Culture impedes care

Health Watch, Normal

The National, Thursday October 24th, 2013


CULTURE and norms in Papua New Guinea are the major impediments to the involvement of men in maternal and child health care, a health conference has been told.

A national conference hosted by the National Catholic Health and HIV Services in conjunction with the Burnet Institute was funded by Global Fund.

The two-day conference held  in Port Moresby was attended by researchers, representatives from the Health Department, members of non-government organisations, churches and former kickboxing champion Stanley Nandex.

Burnet Institute’s Dr Stanley Luchters outlined the benefits of male involvement during pregnancy.

“We need to encourage men to get involved because they play a vital role in finance, family planning and birth spacing,” he said.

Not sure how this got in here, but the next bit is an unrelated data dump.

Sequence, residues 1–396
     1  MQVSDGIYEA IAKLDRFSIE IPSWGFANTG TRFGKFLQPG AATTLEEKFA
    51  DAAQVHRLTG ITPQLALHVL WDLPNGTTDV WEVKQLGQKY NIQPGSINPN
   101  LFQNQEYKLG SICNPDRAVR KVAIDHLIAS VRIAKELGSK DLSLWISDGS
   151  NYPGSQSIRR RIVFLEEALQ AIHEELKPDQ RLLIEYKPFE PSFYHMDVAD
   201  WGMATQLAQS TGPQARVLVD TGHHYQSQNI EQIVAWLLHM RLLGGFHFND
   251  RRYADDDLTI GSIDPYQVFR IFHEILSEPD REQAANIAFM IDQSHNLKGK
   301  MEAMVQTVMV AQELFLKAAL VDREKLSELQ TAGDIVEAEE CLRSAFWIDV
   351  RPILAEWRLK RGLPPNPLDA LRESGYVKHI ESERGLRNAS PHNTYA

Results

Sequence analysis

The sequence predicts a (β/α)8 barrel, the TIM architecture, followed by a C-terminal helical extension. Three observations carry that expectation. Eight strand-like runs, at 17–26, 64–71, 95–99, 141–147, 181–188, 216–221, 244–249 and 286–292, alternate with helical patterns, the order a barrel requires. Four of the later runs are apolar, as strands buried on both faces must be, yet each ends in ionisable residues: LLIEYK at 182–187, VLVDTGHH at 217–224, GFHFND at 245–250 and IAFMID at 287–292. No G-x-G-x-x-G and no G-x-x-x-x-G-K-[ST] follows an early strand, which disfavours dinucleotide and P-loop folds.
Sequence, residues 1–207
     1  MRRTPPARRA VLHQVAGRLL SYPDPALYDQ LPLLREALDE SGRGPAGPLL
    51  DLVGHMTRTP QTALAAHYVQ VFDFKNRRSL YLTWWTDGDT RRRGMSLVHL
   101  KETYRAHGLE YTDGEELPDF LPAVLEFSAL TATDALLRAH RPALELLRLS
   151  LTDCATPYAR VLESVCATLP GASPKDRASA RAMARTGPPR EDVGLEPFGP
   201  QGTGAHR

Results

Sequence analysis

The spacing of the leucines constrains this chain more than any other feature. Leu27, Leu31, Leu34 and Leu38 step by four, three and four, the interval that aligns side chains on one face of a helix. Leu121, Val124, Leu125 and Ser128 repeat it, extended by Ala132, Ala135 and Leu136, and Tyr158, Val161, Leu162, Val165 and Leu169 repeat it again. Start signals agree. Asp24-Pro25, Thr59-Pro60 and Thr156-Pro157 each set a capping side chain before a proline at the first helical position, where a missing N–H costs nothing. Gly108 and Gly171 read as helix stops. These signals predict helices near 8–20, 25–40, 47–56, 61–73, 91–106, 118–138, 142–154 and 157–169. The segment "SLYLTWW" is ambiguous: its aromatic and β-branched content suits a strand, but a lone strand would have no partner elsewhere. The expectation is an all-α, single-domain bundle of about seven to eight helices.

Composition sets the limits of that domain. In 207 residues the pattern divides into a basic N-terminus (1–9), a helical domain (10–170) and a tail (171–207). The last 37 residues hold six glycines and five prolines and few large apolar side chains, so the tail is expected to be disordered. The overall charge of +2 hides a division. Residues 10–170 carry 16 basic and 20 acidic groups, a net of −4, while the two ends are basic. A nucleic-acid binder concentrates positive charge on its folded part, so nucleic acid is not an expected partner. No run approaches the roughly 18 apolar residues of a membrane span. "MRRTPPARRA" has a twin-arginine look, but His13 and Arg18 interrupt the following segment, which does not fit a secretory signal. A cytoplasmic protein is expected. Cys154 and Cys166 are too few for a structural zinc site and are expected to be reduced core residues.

“Pregnancy is a life event for both man and woman and is very important for the husband to support the wife emotionally, psychologically and financially as these are the main areas that put stress on the woman.”

He said apart from the male involvement, antenatal care played a vital role in maternal and child health care. 

He said many women did not go for antenatal check-ups because of the inaccessibility of health services, issues of confidentiality and nurses’ attitude.

He said if these barriers were addressed, the maternal and new-born death rates would decrease.